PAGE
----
Wednesday, 2 June 2010

Cam's low key Prime Minister's Questions

Through the mirror of the new House of Commons everything is reversed and some things are forever changed.

There's David Cameron, to the manor born, looking as if he has been standing at the dispatch box with just a few notes to hand all his life.

Nick Clegg still has not managed to suppress that slightly bewildered look he has as he stares up at the galleries and sits silently by the Prime Minister’s side.

The Tories sit where Labour did, on the government benches, and the Lib Dems sit where Labour did, on the government benches - so that is very new. Former Ministers line up like glum and redundant journeymen on the opposition seats.

The SNP have not moved, third row up on the downward side of the opposition gangway - but then some of them do think that the world revolves around them.

I see Labour MPs like Ian Davidson parking tanks on their lawn and squeezing in beside Pete Wishart. Chums they are not.

Labour’s awkward squad - Dennis Skinner and Ronnie Campbell - sit downwind from their own frontbench, just as they did in government. From there they can heckle either side effectively. John Cryer, back in the Commons for a second time, has been made an honorary member of their team and planted his Doc Martens between the two veteran mavericks.

Sheridan, Donahoe and Cairns are resting against the panelling on the far backbenches where even if they can’t be seen quite seen they will be heard. Ann McGuire is one bench in front and Ann Begg is parked in front of the serjeant at arms.

There’s Alistair Carmichael, posing as the Colossus of Rhodes astride the end of the benches. He’s a government whip now and one imagines him keeping the coalition in order with the white rod he holds as Comptroller of the Royal Purse.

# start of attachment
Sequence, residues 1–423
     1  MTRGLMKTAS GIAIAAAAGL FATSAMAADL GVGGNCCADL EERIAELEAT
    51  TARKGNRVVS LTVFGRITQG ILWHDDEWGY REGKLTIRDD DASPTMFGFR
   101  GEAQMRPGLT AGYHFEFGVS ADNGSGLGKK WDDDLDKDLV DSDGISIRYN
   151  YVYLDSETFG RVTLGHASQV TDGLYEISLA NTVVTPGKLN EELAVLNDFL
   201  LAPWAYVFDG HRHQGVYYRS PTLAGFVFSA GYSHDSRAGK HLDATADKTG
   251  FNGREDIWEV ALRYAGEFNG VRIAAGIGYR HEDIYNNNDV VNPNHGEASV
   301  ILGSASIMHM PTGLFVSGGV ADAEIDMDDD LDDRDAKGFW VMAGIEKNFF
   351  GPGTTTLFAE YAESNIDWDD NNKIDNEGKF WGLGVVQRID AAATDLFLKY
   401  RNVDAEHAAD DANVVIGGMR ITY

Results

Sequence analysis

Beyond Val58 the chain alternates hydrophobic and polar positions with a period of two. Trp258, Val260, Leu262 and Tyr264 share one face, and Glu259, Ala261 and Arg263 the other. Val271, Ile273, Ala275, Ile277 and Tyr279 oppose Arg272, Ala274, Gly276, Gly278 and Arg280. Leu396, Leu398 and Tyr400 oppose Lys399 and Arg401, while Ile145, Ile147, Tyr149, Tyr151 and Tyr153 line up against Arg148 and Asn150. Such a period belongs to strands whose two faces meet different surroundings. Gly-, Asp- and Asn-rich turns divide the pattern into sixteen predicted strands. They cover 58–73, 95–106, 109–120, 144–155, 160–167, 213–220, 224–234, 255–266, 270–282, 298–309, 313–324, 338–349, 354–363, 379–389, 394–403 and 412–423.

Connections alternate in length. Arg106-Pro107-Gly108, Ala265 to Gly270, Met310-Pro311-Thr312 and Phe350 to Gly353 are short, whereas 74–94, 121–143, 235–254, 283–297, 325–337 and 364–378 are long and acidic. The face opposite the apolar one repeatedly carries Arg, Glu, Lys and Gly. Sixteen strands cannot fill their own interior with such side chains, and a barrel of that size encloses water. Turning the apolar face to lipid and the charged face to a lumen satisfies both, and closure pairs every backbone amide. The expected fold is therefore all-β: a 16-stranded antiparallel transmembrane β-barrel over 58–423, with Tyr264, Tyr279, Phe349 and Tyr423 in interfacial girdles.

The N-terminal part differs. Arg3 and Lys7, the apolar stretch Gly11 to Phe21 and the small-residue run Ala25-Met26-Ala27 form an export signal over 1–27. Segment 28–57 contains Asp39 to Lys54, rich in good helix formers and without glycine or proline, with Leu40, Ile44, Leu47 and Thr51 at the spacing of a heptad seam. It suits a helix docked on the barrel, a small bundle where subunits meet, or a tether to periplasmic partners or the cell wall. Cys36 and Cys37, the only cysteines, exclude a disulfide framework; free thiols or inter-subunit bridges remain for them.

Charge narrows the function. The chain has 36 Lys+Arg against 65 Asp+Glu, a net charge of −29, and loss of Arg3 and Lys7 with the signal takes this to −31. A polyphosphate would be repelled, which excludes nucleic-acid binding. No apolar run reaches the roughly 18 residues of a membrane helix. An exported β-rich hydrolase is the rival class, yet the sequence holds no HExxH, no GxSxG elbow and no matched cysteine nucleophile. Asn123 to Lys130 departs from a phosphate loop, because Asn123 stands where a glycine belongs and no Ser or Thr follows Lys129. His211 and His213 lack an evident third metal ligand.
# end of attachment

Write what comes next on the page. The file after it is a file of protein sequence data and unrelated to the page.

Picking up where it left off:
On the government side there’s a whole muddle of new faces that will take some time and a Hansard facebook for journalists to familiarise themselves with. The Lib Dems are mostly on one side of the gangway but to be honest but spotting them is like looking for your own sheep at a village fank.

Front and centre is David Cameron who set a low key tone for his premiership with his performance at his first Prime Ministers Questions.

With the occasion overshadowed by sombre events in Cumbria the traditionally boisterous confrontation event is a quiet affair although the Commons benches are packed.

Cameron’s own response to the unfolding events in Cumbria is formal and unassuming. He says that the country’s “thoughts” were with those families who had lost loved ones, words which do not reach the bar set by Tony Blair when, early in his premiership, he had to respond to the death of Princess Diana.

Cameron - in contrast to Brown and Blair before him - does not bring several large folders of briefing documents to the dispatch box but instead relied on a few sheets of notes.

Sitting by his side, deputy Prime Minister Nick Clegg, fights off an expression of boredom for half an hour. He will not ask questions as he is part of the coalition Government. Instead, he will hold his own question and answer session once a month.

Harriet Harman, Labour’s deputy leader, is ready to spar with Cameron on plans to end the anonymity of alleged rape victims in court cases in England and the marriage tax break.

Harman, renowned for her feminist politics, says that Cameron’s “married man” allowance of £3 a week will do nothing to keep people together and do nothing to plug the deficit.

She suggests that the Conservatives and the Lib Dems are divided on the issue. “On this one, Nick agrees with me.”

Several new MPs manage to get questions in and are politely received by the new Prime Minister.

it takes a veteran to steal the show on the first day. Ian Davidson, Glasgow South West MP, neatly exposes the rifts that run across the Commons and the coalition.

Sitting on the benches usually occupied by nationalist MPs he makes common cause with rightwing Tory backbenchers who oppose the coalition with Lib Dems.

“Comrade Premier”, Davidson begins his question to howls of laughter across the Commons.

“What?” asks the Glasgow MP in mock surprise. “Are we not all in this together? Are the vast majority of us, apart from only a small sect, in favour of strengthening the union of the union of the United Kingdom? And do the vast majority of us not dislike, distrust and despise the Liberal Democrats?”

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